Many of the APEC member countries, such as Chile, Indonesia, Malaysia and Papua New Guinea, are economically dependent on the export of raw materials extracted from mines and forests.
As well, other countries, such as Canada, while not necessarily dependent on extractive sectors, are significant producers and consumers of minerals, wood products and energy, all of which is extracted at the expense of Indigenous peoples' traditional territories.
Increase in the rate of extraction of resources means an acceleration in the rate of dispossession of Indigenous peoples and the degradation of their subsistence base. This is especially a concern in countries where large regions are occupied by Indigenous majorities which lack full legal control over their territories; examples would be Canada, Australia, Chile, Malaysia, Indonesia, Thailand, and the Philippines.
For APEC to be beneficial to Indigenous peoples, it is essential for them to have greater participation in decision- making in the area of resource management and development. This includes effective national procedures for environmental impact assessment and accessible legal remedies for environmental injuries.
In the area of intellectual property rights, APEC will seek to harmonize national patent, copyright and trademark provisions. This in itself does not undermine Indigenous peoples' efforts to control their cultural heritage, artistic works, and sciences.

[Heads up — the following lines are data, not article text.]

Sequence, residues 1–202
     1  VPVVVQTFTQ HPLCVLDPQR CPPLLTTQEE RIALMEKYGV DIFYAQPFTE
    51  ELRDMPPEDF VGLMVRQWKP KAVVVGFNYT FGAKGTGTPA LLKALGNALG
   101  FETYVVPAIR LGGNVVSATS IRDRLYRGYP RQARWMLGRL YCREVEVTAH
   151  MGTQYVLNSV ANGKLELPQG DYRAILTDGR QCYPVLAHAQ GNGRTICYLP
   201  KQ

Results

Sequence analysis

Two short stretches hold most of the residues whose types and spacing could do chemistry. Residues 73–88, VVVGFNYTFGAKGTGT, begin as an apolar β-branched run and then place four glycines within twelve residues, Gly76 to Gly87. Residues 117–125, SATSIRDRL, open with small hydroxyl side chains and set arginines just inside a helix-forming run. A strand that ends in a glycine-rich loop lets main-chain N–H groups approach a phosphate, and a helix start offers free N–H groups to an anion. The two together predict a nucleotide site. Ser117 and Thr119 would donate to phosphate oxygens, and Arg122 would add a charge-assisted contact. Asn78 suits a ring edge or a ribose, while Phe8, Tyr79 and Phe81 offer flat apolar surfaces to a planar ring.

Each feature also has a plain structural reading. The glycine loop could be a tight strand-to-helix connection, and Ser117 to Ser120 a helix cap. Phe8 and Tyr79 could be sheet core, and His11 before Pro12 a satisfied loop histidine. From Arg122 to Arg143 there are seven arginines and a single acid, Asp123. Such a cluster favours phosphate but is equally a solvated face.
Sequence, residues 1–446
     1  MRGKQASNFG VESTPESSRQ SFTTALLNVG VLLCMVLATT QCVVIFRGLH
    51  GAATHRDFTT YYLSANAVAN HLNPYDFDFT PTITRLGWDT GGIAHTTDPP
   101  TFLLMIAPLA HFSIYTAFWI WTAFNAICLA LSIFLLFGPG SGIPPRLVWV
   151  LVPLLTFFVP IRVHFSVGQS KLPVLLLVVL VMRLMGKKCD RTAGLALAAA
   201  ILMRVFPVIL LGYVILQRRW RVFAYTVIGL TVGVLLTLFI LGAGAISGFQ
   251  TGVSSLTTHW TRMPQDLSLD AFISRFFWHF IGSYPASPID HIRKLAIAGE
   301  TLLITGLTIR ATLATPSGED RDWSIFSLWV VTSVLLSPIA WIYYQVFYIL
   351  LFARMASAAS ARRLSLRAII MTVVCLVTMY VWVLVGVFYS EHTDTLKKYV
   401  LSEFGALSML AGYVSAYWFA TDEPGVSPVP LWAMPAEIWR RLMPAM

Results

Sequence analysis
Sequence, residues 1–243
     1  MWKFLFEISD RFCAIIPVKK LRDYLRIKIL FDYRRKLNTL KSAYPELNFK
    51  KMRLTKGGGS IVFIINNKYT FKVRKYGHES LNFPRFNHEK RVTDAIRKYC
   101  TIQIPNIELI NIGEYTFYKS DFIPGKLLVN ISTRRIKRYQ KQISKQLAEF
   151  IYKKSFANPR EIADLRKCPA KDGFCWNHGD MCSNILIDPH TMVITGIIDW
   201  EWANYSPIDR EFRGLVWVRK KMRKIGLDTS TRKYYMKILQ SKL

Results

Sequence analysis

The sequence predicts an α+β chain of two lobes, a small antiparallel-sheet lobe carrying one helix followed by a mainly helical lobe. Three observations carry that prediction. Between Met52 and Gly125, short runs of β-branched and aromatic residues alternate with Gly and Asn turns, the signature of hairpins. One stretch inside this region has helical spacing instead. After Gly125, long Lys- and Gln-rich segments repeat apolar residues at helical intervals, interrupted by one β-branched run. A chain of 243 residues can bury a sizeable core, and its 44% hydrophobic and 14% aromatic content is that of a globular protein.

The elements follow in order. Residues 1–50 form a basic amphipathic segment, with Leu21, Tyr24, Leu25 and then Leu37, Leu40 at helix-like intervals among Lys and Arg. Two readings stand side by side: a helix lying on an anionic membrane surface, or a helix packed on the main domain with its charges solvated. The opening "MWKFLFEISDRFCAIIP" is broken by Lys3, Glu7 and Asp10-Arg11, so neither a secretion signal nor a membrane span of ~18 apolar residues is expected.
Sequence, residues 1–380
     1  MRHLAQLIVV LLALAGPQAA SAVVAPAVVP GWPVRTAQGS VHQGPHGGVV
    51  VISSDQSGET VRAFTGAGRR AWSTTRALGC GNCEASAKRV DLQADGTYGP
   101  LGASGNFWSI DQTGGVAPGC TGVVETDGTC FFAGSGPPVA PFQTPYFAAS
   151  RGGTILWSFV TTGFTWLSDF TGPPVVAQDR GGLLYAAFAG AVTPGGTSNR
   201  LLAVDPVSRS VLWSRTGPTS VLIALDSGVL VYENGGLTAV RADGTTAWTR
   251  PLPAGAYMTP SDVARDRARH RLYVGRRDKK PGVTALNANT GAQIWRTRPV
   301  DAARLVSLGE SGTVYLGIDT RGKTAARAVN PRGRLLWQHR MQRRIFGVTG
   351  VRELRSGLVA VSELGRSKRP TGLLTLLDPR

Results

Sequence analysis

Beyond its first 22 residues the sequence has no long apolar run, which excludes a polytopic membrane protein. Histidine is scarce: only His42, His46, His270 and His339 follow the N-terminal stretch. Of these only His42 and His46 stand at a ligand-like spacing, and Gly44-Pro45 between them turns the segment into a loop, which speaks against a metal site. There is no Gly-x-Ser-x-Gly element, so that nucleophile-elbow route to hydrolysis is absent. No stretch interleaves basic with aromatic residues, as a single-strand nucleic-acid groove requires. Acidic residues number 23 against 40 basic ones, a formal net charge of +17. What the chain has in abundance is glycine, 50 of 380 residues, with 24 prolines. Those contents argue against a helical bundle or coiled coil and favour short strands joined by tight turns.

There is an underlying problem: existing intellectual property law and cultural property law discriminates against Indigenous knowledge. This is of great concern to Indigenous peoples when you consider that 80 per cent of the world's population depends on Indigenous knowledge for health security and half of the world's population relies on Indigenous knowledge and crops for food supplies.
In terms of trade, this translates into tens of billions of dollars a year.
There are three principle reasons for the unsuitability of existing intellectual and cultural property laws to protect Indigenous knowledge:
First is the requirement of proving that an artistic work or idea is original.
Second is the limitation of patents and copyrights to a term of years.
And, third is the failure to recognize customary rules for the teaching and sharing of knowledge by traditional owners.
The UN Working Group on Indigenous Populations has explored the idea of using intellectual property law to protect Indigenous cultural knowledge. It commissioned a study on cultural property of Indigenous peoples under the direction of Dr. Erica Daes, Special Rapporteur of the Sub-Commission on Prevention of Discrimination and Protection of Minorities and Chair of the Working Group.